Wednesday, October 15, 2008

Sometimes Dreams Turn Out This Way...

We take a break from the presentation of these great flickr artists to show you this sad little image. You’re probably looking at it thinking “What the heck is that?”

Geez. Haven’t you ever seen a black horned unicorn skull mask before?

Now let me presume upon your valuable time to explain how a black horned unicorn skull mask wound up in my garbage can this past weekend.

If you’re a regular reader of this blog (and who isn’t?) you know that I own a special events company. We do medieval feasts, gangster and western events, game shows, live murder mysteries– things like that. We’ve been in this business since 1984, roughly the time when the first signs of life were deciding to start evolving into aardvarks by crawling out of their primordial ooze.

“How does this relate to the black horned unicorn skull mask?” you ask.

Our company kind of got started because of it.

My wife and I met at a radio superstation. We were both reporters. One day she got fired (since my wife is a very outspoken woman many men, oddly enough, resent her for it) and she decided she was going to start an advertising company.

Her travels took her, one day, to the enchanted kingdom of a company called “Scheme-a-Dream” which at that point was the largest special events crew in Edmonton. In the course of the meeting, the owner told us he’d been thinking about running “one of those Dungeons and Dragons” tournaments.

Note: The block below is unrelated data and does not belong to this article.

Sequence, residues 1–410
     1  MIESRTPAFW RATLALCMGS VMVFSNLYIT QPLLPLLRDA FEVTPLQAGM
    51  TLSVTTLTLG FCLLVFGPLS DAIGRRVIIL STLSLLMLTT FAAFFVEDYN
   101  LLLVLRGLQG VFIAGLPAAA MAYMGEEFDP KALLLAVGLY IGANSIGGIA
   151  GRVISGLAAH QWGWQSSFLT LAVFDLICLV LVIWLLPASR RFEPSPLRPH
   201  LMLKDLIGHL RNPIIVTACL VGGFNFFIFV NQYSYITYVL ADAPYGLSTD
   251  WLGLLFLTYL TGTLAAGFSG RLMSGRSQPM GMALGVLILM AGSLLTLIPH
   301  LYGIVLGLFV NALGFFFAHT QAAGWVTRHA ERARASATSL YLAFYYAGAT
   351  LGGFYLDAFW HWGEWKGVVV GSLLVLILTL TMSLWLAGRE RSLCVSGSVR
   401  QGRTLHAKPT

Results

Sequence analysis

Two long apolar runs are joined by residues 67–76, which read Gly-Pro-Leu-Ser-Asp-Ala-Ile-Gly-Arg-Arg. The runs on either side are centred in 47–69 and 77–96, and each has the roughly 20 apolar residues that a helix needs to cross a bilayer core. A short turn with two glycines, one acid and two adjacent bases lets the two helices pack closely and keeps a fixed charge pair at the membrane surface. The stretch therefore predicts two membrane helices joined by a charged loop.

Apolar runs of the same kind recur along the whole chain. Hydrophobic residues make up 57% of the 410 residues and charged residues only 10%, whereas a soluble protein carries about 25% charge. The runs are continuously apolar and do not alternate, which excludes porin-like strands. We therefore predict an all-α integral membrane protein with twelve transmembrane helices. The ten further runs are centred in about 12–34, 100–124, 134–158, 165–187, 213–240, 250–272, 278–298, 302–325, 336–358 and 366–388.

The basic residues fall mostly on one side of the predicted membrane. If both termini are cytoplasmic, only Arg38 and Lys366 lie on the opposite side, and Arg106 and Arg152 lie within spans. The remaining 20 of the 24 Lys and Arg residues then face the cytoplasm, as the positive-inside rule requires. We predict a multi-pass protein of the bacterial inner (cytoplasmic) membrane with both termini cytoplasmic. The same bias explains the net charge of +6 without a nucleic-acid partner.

I’d been playing this game every Wednesday night for five years and Sheree (my soon-to-be-partner-in-life) had been playing in the same group.

As he spoke, an idea occurred. It was one of those life-transforming moments – the kind you read about but only get to experience once in a very great while.

“How about if we do a weekend?” I said, completely unsure of where I was going with this. “How about if we get actors and actresses and the players actually go on a Quest and they can cast spells and do combat…and they can live the adventure…and…”

The ideas started to flow like creative fire – and a handful of months later (since Sheree and I were young and could not yet spell the word “impossible”) we had designed a game, a combat system where no one actually got killed, a rule book and a complete marketing campaign that drew like-minded lunatics from all over Western Canada to play.

Then, on September 25th, 1985 (which was unseasonably cold, as I recall) we launched the first ever Dreamquest.

I watched the people arrive at the quest in full costume. My heart soared. Here, no one was a role-playing geek. These were game players and dreamers. I was squarely with my people. Some had laboriously created chain mail one link at a time. There were wizards and enchantresses and healers. There were serious gamers and, of course, a few people who’d shown up to party the weekend away.

But something was created in that fusion between the players’ creativity, the characters, the game, the plot and the isolated playing field. It was modern magic that hung over the weekend and warmed dozens of hearts with a gentle fire.